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Kemeri is an area of the Jurmala seaside town where a resort was set up already in the 18th century due to the therapeutic qualities of sulfur water in the many springs in the neighborhood. Only architectural monuments are left to speak of the former glory of the Kemeri resort, although sulfur water and mud are still available.
Kemeri is a half-an-hour ride away from Riga. The area is quiet and peaceful, perfect for a family outing.
Attractions in Kemeri
Kemeri Landscape Park
The park was created in the middle of the 19th century and features a network of winding paths interspersed with architectural objects – pavilions, rotundas, bridges across the artificial canals fed by the Versupite River that flows through the park. The Sulfur Water Pavilion, built at the turn of the 19th and 20th centuries, stands in the south-eastern part of the park. Next to it, you will find the Kirzacina (Little Lizzard) sulfur spring, one of the most popular in Latvia. Its water can be used both internally and externally.
Other interesting objects in the park include the Love Islet Pavilion, a rotunda built in 1928 in the Classicism style; the Russian Orthodox Church of the Holy Apostles Peter and Paul, the oldest of the churches in Kemeri which was built in 1893 in the style of wooden churches typical for Northern Russia; monuments to the founders of the Kemeri resort, the first physicians, who worked there, and soldiers fallen in World War I and World War II.
Former Kemeri Hotel
The hotel was designed by the outstanding Latvian architect of Baltic German descent, Eizens Laube (1880–1967). The white building is a brilliant example of Neo-Classicism in the Latvian architecture. The majestic outline of the building earned it the nickname of the White Liner rich in the elements of Classicism – columns, balustrades, pilasters and cornices. Effectively positioned in the landscape park, the massive building assumes the air of a palace.
In the late 1930s, the Kemeri was one of the most modern hotels in Europe and could accommodate over 100 guests, offering therapeutic services not only during the summer season, but all year around.
During Soviet times, the hotel was transformed into the Kemeri Sanatorium with rooms for 300 patients. It was the main health facility in the area and used advanced medical equipment and the latest therapeutic methods.
At present visitors can admire the White Liner only from the outside.
Former restaurant The Jolly Gnat
The former restaurant called Jautrais Ods (The Jolly Gnat) is located at 15 Turistu iela (Tourist Street). Designed by architect Fridrihs Skujins (1890-1957) and built in 1933, the building represents a combination of masonry and wood. It is a bright example of the National Romantic architecture. Nowadays the building houses the administration of the Kemeri National Park and the environmental education center called Meza Maja (the Forest House). Visit the environmental education center and maybe it will inspire you to go see the Kemeri National Park.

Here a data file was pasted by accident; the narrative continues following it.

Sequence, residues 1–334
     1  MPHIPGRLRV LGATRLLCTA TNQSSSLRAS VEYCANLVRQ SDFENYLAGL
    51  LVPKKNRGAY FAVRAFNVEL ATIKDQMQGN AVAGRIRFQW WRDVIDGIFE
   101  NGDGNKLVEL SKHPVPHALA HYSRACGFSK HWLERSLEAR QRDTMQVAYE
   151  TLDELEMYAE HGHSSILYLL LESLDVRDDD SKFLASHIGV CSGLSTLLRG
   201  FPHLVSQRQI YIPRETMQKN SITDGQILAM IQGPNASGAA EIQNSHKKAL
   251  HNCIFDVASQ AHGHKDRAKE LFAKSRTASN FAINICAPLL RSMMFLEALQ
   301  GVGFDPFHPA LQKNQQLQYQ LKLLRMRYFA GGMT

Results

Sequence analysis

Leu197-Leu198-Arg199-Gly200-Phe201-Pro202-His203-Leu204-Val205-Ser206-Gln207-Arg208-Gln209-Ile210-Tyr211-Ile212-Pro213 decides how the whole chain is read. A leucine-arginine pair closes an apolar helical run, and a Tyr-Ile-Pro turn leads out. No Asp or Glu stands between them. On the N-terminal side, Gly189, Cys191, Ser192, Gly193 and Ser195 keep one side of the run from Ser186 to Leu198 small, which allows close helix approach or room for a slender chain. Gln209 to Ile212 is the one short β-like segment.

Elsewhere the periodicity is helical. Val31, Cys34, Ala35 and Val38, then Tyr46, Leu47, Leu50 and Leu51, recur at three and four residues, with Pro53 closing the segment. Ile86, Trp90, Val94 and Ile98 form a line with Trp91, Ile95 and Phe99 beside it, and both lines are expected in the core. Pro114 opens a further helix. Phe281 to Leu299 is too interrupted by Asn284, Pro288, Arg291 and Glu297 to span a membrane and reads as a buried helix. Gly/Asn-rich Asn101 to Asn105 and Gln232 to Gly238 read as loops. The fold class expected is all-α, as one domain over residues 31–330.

History of Kemeri resort
The sulfur springs of Kemeri were used in traditional medicine already in the second half of the 18th century and in the early 19th century when the ailing noblemen of the Kurzeme region came here for treatment and stayed with local foresters. The chemical analysis of Kemeri spring waters was first carried out in St. Petersburg in 1801.
The first public bathing establishment in Kemeri was built in 1838 on a state-owned plot of land that had been allocated for sulfur water therapy purposes by Emperor Nicholas I. This is regarded as the year of founding of the resort which was quite popular in the Russian Empire, and a direct railway line between Moscow and Kemeri was opened in 1921.
During World War I there was active fighting in the area of Kemeri and Tirelpurvs, and the resort suffered serious damage. But it recovered quickly after the war and was granted the status of a town in 1928. Similar to Sigulda, Kemeri was a favorite among holiday-makers from Riga.
The electric train line to Kemeri was opened in October 1951. In 1959 Kemeri became part of the Jurmala city. During the Soviet times the resort was significantly expanded and given the status of a resort of the USSR importance.
But the flourishing resort went into the decline in the 1990s when the economic situation changed after restoration of Latvia’s independence.
For a more detailed information about the resort’s history, visit the Jurmala Resort History Museum.